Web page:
Prized Filipino fabric made from pineapple leaves

Museums across the world hold exquisite piña dresses in their collections; a legacy of a 19th-century fashion trend. Part of the appeal comes from the fabric’s natural elegance. But people have long been entranced with its origins: As the name suggests, it’s made from the long leaves of pineapple plants.



Piña is something of a fusion fabric, says dr. Michael Gonzalez, adjunct Philippine history professor at the City College of San Francisco. Pineapples were brought to the Philippines by Spanish colonists, and Filipinos used age-old local weaving methods to turn pineapple fibers into gauzy piña. Chinese immigrants brought the frame loom by the 18th century, updating the weaving process.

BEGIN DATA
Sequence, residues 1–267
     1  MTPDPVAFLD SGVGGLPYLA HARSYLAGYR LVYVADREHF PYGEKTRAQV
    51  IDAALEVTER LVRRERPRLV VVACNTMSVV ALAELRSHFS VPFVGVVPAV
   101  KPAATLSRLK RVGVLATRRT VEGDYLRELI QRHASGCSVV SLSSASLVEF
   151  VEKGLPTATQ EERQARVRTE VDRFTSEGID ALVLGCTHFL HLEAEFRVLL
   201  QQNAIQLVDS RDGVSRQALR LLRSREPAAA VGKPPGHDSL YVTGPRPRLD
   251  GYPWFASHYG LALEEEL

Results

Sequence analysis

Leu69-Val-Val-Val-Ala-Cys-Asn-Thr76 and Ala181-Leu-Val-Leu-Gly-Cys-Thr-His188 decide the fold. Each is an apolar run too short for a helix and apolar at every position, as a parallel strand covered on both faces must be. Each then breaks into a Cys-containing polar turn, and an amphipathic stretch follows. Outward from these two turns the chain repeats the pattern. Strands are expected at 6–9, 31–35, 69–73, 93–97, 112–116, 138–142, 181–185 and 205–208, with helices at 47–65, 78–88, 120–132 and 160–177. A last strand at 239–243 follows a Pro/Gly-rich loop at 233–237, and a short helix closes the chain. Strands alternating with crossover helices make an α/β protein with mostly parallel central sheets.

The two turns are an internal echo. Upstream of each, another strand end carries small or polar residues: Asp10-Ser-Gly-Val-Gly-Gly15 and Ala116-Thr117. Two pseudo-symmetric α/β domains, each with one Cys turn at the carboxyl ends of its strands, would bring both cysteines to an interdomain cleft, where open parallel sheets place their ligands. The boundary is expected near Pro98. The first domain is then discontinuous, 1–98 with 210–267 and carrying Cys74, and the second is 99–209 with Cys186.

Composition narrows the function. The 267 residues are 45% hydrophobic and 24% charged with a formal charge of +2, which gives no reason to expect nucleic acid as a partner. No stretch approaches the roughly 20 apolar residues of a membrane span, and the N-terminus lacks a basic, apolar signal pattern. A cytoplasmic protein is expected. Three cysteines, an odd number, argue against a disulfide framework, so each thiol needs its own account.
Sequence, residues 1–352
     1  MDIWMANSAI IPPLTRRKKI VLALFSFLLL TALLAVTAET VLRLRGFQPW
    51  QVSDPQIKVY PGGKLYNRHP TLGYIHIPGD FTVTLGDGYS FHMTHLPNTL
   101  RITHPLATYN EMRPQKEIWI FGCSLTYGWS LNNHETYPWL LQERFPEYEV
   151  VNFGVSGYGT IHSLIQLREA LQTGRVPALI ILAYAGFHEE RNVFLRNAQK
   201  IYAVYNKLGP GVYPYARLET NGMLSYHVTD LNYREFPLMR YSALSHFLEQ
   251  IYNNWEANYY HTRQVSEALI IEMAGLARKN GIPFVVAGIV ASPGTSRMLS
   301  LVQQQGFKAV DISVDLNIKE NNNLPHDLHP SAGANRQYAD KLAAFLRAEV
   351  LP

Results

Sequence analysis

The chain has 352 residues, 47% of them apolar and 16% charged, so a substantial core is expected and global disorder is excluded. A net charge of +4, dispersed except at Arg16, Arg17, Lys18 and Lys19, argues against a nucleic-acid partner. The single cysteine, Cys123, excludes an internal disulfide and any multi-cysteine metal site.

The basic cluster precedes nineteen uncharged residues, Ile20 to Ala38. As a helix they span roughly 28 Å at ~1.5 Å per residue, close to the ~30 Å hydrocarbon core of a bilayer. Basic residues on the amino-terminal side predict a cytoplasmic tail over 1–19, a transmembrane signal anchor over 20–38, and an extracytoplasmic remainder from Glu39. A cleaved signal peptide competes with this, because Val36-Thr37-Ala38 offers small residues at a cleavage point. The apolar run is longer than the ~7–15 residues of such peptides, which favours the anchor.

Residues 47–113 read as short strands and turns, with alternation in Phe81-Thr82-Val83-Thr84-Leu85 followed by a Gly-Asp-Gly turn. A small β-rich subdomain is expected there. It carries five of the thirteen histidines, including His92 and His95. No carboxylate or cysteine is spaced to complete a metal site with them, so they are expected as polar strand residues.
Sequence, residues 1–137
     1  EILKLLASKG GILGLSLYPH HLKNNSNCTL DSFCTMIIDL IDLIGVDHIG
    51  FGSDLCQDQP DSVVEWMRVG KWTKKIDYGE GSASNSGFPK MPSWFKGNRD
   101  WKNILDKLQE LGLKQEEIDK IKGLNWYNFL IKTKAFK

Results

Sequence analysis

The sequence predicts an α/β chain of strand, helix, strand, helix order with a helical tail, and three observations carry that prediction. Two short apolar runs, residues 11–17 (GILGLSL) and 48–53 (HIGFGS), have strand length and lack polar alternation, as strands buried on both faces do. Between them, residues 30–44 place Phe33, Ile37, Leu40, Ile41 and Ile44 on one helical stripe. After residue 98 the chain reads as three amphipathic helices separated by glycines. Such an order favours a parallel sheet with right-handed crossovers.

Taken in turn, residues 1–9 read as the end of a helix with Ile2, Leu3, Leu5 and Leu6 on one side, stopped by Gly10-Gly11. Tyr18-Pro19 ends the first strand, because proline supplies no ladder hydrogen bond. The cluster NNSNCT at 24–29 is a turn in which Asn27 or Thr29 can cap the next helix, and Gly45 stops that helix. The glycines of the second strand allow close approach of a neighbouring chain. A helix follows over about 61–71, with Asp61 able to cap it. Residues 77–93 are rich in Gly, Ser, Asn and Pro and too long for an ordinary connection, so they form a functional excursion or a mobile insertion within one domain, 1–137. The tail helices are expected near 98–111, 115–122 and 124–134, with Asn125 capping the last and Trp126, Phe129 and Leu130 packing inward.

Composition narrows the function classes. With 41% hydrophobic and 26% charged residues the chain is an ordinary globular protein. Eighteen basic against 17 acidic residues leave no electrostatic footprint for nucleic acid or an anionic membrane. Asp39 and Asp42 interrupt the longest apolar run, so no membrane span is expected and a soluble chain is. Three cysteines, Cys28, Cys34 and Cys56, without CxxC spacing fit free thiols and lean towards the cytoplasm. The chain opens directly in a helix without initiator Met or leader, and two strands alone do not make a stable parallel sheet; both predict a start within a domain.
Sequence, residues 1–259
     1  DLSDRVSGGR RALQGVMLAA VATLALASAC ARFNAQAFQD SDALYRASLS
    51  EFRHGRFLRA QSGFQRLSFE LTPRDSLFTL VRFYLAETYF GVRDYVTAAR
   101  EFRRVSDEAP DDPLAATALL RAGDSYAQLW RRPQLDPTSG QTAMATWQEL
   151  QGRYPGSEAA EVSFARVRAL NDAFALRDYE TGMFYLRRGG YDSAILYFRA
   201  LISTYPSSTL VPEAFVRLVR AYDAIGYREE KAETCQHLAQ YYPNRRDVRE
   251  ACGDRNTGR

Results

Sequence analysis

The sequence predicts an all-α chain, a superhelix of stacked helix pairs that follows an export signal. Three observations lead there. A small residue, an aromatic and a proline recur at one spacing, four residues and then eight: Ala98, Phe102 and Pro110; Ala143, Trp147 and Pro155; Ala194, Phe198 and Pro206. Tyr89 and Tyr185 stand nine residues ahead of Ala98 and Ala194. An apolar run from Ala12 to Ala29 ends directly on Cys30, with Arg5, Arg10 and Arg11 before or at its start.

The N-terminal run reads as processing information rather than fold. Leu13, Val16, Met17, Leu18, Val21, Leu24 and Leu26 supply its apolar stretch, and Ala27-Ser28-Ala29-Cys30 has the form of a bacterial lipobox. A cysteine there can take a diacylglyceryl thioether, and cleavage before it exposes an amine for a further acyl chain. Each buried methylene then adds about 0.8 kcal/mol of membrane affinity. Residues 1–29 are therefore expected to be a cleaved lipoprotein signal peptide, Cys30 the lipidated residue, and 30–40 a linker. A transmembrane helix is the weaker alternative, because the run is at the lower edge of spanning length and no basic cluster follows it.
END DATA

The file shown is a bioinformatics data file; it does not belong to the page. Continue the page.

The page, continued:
The process of making piña hasn’t changed much since then. The dominant piña-growing regions are near Kalibo, the capital of Aklan province, and, to a lesser degree, Puerto Princesa on Palawan. Both have lots of rainfall, ideal for growing the red pineapple necessary for piña. After harvesting its leaves and removing their spiny edges, piña makers use broken china to scrape away at them, exposing the fibers. Eventually, they use the gentler coconut shell. When the thin, hair-like fibers are exposed, they are rinsed thoroughly to remove any lingering glucose.



After drying, the fibers are tied end over end into thread and woven into fabric. It can take months to produce a few yards of cloth, and even then, the process isn’t over, as Filipinos value embroidery on traditional piña products. Designs vary in style, from simple patterns to florals and figures. The more elaborate the embroidery, the more expensive the final product.


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